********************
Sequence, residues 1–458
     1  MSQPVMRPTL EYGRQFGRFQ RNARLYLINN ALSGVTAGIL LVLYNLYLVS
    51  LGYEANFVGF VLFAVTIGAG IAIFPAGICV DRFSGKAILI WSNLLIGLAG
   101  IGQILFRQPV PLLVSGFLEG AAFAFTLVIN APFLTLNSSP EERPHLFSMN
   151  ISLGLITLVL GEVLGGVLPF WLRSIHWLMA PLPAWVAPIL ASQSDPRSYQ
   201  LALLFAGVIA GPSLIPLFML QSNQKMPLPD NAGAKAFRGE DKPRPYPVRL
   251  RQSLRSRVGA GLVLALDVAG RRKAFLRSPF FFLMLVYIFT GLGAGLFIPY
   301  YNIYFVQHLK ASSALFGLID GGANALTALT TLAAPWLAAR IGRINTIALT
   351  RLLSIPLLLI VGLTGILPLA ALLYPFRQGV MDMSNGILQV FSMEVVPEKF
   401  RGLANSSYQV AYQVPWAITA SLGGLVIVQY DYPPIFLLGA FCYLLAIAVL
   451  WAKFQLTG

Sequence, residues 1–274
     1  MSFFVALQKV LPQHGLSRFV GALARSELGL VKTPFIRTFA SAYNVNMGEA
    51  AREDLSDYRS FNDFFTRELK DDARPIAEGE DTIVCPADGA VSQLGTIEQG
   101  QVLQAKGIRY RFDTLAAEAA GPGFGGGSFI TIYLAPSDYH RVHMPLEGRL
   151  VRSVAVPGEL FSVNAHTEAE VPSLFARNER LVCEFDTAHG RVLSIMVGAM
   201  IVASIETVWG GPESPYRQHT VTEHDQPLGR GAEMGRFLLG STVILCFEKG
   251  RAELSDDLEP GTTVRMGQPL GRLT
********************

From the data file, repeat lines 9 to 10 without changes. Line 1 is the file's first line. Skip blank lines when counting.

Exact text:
   351  RLLSIPLLLI VGLTGILPLA ALLYPFRQGV MDMSNGILQV FSMEVVPEKF
   401  RGLANSSYQV AYQVPWAITA SLGGLVIVQY DYPPIFLLGA FCYLLAIAVL